You know how it goes: After preparing your best dish for the annual potluck and making the journey home, you walk in the door, immediately greeted by smiling faces. This is going to be a good visit, you think. But as family members usher you into the kitchen, they start peppering you with questions about your day—and then, your life. "Didn’t you invite anyone? Don’t you have anyone to invite? The clock is ticking, you know!"
"Why are you wearing that?" "Have you considered getting a real job yet?" "You know I love your hair so much more when it’s…" and you start wishing for earplugs. In movies, family gatherings are a special, pleasant time with the people who love and support us. But in reality, it often feels like our relatives wish we were anyone but ourselves. As if there’s always something wrong, something missing with us.
Still: No matter how hard the holidays are, we always find moments to enjoy. Holiday eat-a-thons. Playing games, watching movies, overly excited gift exchanges. It can be tempting to just skip the season altogether, but if we did, we’d miss out on all the good memories.
Here are a few ways to get through the holiday season—without biting someone’s head off.
1. Schedule plenty of "me time."
Remember, the holidays should be a holiday for you too. Make sure that even though you’re visiting family, you take a well-deserved break. , Ph.D., says that one handy way to offset family-related stress is to plan activities that bring you happiness. Hitting the gym, going on a date with your significant other, or spending the night out with friends are all good ways to show some self-love during the holidays.
Don’t feel guilty for booking a massage or a pedicure, or for spending an extra hour or two in bed, either: You deserve to rest and relax. Plus, me time gives you a great way to get out of a busy house for a few hours.
If you’re at your family’s house and find yourself getting frustrated, a quick excursion—even to the grocery store—can be a great time to grab a few snacks, blast some of your favorite music in the car, and cool down before re-engaging with your family.
2. Know the playbook—and plan in advance.
It sucks when our relatives try to change us. But the same way we want them to accept us as we are, we should do our best to accept them (even if it’s super-duper difficult). Take things in stride and learn the "playbook" of all those family members who tend to get on your nerves.
For example: If you know that Aunt Betty loves to make comments about your appearance, then anticipate that and plan a response. Think about what you might say to stop a conversation from going too far by using "'no' statements."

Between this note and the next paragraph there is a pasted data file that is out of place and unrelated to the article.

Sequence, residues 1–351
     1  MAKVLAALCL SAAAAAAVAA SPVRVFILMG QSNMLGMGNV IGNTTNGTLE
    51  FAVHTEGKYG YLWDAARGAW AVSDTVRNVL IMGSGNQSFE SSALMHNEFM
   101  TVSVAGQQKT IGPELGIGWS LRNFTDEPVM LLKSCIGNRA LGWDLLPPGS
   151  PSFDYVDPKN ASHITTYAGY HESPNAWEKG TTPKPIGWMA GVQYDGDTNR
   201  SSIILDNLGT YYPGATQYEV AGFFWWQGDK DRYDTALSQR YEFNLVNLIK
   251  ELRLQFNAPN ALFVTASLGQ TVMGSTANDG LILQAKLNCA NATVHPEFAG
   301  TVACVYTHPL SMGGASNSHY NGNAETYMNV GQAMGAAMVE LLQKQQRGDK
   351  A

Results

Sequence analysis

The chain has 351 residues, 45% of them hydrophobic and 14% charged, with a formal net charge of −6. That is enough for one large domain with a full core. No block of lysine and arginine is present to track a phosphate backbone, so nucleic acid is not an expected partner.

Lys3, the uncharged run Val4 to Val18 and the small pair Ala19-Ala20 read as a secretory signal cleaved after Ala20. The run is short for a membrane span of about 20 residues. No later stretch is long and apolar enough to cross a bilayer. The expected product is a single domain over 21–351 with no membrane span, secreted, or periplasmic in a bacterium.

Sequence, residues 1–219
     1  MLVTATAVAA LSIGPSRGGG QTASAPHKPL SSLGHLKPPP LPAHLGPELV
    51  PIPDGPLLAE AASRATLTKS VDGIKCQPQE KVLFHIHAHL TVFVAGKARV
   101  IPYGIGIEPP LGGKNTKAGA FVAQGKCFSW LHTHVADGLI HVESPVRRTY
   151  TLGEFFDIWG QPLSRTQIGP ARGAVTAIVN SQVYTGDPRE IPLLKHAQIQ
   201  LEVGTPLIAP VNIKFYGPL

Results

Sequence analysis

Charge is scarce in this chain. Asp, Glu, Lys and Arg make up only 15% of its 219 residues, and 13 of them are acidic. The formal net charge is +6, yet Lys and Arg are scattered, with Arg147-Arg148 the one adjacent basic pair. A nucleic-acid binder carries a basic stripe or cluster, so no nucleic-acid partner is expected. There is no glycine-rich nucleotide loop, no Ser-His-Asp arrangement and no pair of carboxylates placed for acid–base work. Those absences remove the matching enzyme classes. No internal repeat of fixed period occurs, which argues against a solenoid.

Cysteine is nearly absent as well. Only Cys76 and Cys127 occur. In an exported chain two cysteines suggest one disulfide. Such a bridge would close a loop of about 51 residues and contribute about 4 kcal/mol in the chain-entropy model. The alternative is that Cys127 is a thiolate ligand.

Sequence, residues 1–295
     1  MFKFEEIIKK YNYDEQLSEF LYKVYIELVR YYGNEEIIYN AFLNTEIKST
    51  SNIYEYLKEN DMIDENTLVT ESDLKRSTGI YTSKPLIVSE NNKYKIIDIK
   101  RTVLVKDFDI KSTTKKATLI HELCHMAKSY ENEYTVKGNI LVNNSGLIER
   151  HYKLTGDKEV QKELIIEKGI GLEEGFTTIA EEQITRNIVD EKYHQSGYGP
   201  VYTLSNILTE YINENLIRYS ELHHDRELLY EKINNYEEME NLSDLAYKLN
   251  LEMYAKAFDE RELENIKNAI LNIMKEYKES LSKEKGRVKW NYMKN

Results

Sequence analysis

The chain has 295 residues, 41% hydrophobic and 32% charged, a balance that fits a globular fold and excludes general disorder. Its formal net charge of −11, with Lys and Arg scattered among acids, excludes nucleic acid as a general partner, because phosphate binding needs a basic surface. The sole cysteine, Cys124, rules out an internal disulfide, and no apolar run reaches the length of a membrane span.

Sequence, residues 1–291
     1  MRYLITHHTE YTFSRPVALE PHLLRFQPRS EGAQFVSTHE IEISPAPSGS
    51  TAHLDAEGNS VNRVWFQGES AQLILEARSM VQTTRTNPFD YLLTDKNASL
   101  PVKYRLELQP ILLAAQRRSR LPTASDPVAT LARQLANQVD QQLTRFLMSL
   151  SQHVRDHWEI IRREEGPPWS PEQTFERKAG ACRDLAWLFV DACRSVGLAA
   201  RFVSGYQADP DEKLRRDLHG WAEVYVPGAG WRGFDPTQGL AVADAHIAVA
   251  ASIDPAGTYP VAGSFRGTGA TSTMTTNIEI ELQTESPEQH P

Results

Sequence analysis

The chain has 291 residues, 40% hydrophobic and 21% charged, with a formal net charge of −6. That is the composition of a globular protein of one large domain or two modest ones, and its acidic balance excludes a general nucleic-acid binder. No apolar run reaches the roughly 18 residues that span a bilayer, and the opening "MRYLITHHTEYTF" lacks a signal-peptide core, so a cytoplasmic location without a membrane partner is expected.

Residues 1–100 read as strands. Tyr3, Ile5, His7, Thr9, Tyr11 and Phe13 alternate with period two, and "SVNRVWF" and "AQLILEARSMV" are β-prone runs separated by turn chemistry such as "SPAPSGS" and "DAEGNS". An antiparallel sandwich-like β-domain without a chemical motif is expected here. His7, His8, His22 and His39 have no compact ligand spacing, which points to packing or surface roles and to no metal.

In the context of family gatherings, no statements can be used to navigate discussions and effectively set boundaries. "I often recommend people use similar phrasing to an 'I statement' when they say 'no,'" says , MSMFT, a marriage and family therapist. "For example, 'I really appreciate you thinking of me and I am unable to make it to dinner tonight.'"
Before you leave your house, practice saying "no" in the mirror with a smile and a firm tone of voice. "When someone asks you questions or makes requests you feel uncomfortable with, you can use 'no' statements to politely decline," Litner says. "For instance, you could say, "'I feel really uncomfortable discussing that right now,' then suggest other topics that you feel more comfortable with," Litner says. "That way, you can assert yourself without rejecting your family member outright."
3. Find common ground.
The larger the gathering, the higher the likelihood of a disagreement between family members. Avoid hot button topics from the start in order to prevent full-on brawls, and focus on what you do share. You might absolutely disagree with Uncle Richard on gun control and taxes (and... basically everything else), but maybe you love his cooking. Why not start a conversation about the recipes he’s tried recently?
Even the closest family members can disagree on different issues. That doesn’t mean they don’t share common interests or hobbies. The holidays are a time of connection, and the best way to keep them pleasant is to keep that spirit alive. Focus on what everyone can share. That way, the bonds that hold you together can last—maybe even past the holidays.
Theodora Sarah Abigail is a beating heart in a warm body. She works as a writer and poet in the wild, mechanical city of Jakarta, Indonesia. You can join her as she stumbles through life by following her on her and on .